American Airlines Rebrands Itself After Bankruptcy; Long Island Bankruptcy Lawyer Says Companies and Individuals Alike Use Bankruptcy to Rebrand

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American Airlines emerged from bankruptcy with a new logo and a new brand identity. Corporations frequently use bankruptcy as an opportunity to rebrand, and individuals can do the same, says Long Island bankruptcy attorney Andrew M. Doktofsky.

"It doesn't matter if you are a big corporation, such as American Airlines, or an individual, you have the ability, under bankruptcy law, to begin anew after tough financial times," said Andrew M. Doktofsky, Long Island bankruptcy lawyer.

One of the United States' largest airlines is now emerging from bankruptcy with a new logo and, they say, a new way of doing business. American Airlines announced earlier this year that, after coming out of bankruptcy in December, they will have a new logo for the first time in 40 years. Bankruptcy is an ideal time for renewal, both for large corporations and for individuals, said New York bankruptcy lawyer Andrew M. Doktofsky.

"Bankruptcy is a time when people can reorder their lives and come out anew," Doktofsky said. "That's the purpose of bankruptcy law: Everyone needs a chance to start over again."

American Airlines' parent company, AMR, filed for Chapter 11 bankruptcy in 2011, citing high labor costs in their decision. The airline had suffered four consecutive years of losses amid a generally poor market for airlines.

In December, American Airlines announced it has reached a deal with its pilots' union, restructuring labor costs and allowing the company to exit bankruptcy. Less than a month later, American Airlines announced that, for the first time in 40 years, it would change its logo, from an eagle between two A's to a sleeker, more stylized eagle alongside the name (Marketing Magazine, "American Airlines rises from bankruptcy with first rebrand in 40 years," Jan. 24, 2013). The change was announced alongside a new marketing campaign and the more substantive business news that it was finalizing a merger with US Airways.

Doktofsky said the move makes sense in the context of bankruptcy.

"When a company files bankruptcy, it is saying 'We're going to change paths and do some things differently,'" he said. "It's a concept that is not limited to corporations, either. Individuals can also seek renewal after difficult times by filing bankruptcy."

Like American Airlines, people who feel crushed by their financial obligations can seek bankruptcy relief when they are unable to pay those obligations, be they credit cards, or most other types of debt the person may be facing, Doktofsky said. Individuals may file a Chapter 7 or Chapter 13 bankruptcy. Chapter 7 is the most common chapter that people file under.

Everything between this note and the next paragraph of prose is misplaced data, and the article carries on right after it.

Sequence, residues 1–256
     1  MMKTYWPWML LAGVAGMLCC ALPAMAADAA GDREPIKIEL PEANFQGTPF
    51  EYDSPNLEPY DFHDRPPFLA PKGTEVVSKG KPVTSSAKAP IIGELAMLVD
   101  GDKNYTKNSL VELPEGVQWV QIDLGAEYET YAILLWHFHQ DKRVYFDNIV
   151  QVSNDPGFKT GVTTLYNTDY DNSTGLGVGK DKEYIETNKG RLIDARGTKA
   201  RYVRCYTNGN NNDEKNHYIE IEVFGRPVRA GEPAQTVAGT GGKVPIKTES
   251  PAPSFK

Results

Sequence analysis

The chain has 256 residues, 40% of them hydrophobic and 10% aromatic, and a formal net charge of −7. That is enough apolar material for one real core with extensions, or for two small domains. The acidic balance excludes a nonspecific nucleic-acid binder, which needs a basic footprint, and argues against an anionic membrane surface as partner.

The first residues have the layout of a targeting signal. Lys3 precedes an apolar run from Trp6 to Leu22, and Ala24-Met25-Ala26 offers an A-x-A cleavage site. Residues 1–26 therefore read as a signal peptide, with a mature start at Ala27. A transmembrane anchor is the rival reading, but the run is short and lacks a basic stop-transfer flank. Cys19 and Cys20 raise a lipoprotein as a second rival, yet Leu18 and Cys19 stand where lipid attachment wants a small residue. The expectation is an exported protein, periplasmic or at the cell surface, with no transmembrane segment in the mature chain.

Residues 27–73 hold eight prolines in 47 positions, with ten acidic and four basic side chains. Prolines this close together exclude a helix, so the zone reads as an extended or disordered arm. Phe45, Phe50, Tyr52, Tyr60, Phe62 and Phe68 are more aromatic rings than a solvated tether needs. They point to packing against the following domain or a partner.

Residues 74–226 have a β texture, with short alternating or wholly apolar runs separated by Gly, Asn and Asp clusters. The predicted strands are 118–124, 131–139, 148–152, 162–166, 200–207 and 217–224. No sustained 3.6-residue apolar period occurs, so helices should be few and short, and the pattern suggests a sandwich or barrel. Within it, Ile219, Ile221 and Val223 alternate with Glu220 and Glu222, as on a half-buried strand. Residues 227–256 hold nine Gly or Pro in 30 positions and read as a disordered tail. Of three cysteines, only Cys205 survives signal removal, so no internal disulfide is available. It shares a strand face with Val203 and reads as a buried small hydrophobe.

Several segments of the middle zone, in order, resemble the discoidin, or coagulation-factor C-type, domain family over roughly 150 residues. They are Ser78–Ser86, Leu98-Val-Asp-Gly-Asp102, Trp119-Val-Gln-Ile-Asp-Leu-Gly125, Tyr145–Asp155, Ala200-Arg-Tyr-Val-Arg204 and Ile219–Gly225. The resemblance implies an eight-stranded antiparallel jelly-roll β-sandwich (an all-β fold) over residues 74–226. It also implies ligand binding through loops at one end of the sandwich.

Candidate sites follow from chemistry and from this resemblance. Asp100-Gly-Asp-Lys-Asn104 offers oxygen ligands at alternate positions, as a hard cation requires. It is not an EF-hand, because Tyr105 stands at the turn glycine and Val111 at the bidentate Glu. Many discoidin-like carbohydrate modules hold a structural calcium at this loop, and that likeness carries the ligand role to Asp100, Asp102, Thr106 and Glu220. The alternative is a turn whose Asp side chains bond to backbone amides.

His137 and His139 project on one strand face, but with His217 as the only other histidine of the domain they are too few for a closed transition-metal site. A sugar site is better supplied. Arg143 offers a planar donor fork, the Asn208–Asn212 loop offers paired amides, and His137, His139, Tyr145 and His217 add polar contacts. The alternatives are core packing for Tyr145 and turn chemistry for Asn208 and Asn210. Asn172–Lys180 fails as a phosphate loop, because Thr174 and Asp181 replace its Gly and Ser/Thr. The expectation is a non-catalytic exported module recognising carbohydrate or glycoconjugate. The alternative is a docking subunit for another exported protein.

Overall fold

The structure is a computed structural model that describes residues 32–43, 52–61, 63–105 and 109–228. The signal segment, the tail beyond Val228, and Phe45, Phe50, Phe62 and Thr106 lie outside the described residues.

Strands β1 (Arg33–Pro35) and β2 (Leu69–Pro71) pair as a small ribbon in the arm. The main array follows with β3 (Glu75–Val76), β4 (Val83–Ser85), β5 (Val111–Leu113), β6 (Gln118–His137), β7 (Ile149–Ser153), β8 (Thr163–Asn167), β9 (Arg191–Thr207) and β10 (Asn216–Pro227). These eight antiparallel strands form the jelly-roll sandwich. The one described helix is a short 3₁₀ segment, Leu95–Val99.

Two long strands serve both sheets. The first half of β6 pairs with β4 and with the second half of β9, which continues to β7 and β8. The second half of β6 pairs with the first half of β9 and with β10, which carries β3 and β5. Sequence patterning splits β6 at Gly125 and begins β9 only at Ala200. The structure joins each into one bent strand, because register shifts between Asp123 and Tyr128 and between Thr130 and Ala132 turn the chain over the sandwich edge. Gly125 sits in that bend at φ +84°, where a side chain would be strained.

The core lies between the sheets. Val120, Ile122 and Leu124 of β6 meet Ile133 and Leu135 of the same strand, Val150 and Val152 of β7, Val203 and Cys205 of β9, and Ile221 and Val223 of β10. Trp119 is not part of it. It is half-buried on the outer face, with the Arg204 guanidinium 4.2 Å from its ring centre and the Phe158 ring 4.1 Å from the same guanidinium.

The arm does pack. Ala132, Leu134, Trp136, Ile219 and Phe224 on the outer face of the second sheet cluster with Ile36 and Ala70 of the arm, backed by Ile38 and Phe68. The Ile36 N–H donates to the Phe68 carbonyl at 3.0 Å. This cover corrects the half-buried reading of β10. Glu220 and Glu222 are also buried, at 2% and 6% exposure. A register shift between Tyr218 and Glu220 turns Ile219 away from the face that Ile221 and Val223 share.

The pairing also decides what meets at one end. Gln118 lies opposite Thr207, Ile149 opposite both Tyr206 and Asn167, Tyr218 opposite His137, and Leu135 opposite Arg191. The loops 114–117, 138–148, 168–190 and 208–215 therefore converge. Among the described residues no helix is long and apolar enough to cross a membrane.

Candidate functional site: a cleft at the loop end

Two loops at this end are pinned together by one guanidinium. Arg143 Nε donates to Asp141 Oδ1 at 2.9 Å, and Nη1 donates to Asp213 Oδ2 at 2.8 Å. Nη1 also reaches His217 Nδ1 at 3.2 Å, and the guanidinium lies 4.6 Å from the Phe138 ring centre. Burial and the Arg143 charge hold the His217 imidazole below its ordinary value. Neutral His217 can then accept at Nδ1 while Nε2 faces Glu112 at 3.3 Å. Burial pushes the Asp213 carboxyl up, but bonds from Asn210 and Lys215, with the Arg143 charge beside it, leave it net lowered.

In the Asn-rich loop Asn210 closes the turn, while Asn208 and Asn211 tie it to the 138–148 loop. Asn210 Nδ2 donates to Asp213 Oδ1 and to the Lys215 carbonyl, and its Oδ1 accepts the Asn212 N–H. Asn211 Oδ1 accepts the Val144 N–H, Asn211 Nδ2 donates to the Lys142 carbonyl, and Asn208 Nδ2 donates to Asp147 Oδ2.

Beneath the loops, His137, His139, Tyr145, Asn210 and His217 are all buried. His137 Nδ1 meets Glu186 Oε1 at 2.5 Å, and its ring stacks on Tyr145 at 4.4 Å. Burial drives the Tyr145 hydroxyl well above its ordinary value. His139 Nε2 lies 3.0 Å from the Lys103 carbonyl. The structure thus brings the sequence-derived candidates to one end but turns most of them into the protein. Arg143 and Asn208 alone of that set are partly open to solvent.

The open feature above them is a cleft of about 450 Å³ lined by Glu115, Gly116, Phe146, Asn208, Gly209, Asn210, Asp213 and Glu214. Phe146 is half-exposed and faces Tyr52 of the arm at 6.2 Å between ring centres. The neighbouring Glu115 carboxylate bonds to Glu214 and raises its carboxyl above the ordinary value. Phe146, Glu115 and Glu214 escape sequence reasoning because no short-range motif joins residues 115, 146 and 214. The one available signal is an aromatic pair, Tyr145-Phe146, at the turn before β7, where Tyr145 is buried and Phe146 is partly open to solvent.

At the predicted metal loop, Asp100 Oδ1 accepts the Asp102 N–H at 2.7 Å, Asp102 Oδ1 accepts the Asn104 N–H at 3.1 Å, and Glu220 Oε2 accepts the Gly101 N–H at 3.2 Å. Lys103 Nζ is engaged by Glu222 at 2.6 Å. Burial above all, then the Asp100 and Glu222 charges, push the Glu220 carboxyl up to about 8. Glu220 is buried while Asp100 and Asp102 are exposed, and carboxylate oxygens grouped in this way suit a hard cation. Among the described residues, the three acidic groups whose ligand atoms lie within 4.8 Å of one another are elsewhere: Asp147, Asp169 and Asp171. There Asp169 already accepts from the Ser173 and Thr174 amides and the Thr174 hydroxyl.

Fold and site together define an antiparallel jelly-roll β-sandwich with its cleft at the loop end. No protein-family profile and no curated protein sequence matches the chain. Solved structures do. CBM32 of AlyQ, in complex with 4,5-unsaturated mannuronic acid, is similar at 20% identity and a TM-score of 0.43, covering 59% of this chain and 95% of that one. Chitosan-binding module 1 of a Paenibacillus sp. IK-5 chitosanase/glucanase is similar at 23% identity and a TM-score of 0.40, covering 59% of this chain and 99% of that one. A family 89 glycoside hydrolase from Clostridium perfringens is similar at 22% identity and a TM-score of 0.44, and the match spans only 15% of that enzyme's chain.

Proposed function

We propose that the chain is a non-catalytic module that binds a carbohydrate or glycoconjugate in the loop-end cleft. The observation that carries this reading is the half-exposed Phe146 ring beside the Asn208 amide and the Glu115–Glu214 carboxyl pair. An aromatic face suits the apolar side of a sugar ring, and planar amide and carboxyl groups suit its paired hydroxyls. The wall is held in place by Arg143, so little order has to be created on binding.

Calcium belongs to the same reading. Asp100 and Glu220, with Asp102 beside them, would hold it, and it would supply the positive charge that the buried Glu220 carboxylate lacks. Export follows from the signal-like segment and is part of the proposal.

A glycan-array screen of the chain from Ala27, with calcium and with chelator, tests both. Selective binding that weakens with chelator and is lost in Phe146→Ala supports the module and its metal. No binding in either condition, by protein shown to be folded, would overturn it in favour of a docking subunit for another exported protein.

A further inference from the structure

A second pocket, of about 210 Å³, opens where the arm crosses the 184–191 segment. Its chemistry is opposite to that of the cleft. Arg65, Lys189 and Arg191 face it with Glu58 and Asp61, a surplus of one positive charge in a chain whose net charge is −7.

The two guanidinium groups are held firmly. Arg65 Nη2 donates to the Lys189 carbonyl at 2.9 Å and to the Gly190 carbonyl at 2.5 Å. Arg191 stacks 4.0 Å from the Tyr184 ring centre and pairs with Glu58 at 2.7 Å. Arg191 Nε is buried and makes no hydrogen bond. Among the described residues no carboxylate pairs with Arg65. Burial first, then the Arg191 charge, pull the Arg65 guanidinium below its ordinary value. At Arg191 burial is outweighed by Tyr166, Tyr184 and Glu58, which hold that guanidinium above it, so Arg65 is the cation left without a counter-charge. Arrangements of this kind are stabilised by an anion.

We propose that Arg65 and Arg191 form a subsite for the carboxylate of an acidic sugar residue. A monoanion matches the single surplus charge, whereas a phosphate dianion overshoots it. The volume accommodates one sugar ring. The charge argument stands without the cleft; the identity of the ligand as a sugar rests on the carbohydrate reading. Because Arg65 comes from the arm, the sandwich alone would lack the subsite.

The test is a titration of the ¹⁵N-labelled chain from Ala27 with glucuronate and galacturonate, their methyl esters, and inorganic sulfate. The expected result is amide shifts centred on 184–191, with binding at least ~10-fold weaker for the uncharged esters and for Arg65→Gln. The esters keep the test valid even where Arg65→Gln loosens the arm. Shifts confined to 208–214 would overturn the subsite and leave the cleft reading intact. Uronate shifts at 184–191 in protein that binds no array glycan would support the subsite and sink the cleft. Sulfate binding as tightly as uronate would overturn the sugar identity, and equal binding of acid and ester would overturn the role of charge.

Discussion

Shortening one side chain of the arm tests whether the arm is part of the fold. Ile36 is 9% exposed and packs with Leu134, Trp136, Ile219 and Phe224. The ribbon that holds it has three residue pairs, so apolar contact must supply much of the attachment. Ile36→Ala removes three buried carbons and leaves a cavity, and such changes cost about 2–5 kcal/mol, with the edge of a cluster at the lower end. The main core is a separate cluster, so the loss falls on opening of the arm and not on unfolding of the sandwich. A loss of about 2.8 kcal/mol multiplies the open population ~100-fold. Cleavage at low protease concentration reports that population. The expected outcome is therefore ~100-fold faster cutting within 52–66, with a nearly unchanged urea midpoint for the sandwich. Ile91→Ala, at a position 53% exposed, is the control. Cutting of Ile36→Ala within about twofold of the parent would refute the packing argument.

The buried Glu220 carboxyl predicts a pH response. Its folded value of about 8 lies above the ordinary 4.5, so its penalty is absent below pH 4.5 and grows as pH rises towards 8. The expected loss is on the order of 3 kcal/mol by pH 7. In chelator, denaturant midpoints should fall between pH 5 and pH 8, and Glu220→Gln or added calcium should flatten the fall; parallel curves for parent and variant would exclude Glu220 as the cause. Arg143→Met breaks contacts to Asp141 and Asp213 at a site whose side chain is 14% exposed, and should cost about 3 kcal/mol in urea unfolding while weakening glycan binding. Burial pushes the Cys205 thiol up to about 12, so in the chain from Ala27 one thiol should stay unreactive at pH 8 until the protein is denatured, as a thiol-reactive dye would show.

In a Chapter 7 bankruptcy, a bankruptcy trustee is appointed by the court. The trustee may sell non-exempt property to meet the obligations of the debtor, hence the reason why Chapter 7 bankruptcy is also called liquidation bankruptcy.

However, property exemptions in bankruptcies in New York are generous, Doktofsky said. Debtors in New York have a choice between the property exemptions provided under New York State law or the exemptions provided by the federal Bankruptcy Code. Debtors who have substantial equity in their homes generally use the New York State exemptions because of the generous homestead exemption that it affords. A debtor in New York can exempt up to $150,000 of equity in a principal residence. The $150,000 applies to debtors in Nassau and Suffolk Counties, New York City, Westchester, Rockland, and Putnam Counties. The homestead exemption is lower in other counties in New York State.

Debtors with little or no equity in their homes generally utilize the federal bankruptcy exemptions, which provide for a “wildcard” exemption of $11,975. This exemption can be applied to any type of personal property, including bank accounts and tax refunds. A Long Island Chapter 7 bankruptcy attorney can assist the debtor in determining what property is exempt.

Non-exempt property is liquidated to pay creditors. Whether or not creditors are paid anything in a bankruptcy case, most types of debts will be discharged. Generally, the debts discharged include unsecured debts, like credit cards, personal loans, and medical debt. Student loans are among the types of debts that are usually not dischargeable. Discharging the debt means the debtor is no longer under the obligation to pay the debt back.

"Bankruptcy law was written to give everyone an opportunity at a fresh start," Doktofsky said. "It doesn't matter if you are a big corporation, such as American Airlines, or an individual, you have the ability, under bankruptcy law, to begin anew after tough financial times."

Andrew M. Doktofsky is a Long Island bankruptcy lawyer who represents New Yorkers seeking to file Chapter 7 or Chapter 13 bankruptcy.

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